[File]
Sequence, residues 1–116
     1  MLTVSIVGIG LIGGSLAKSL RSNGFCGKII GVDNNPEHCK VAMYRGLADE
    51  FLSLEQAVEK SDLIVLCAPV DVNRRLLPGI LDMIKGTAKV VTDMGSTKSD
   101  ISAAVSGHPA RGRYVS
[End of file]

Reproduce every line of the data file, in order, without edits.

Sequence, residues 1–116
     1  MLTVSIVGIG LIGGSLAKSL RSNGFCGKII GVDNNPEHCK VAMYRGLADE
    51  FLSLEQAVEK SDLIVLCAPV DVNRRLLPGI LDMIKGTAKV VTDMGSTKSD
   101  ISAAVSGHPA RGRYVS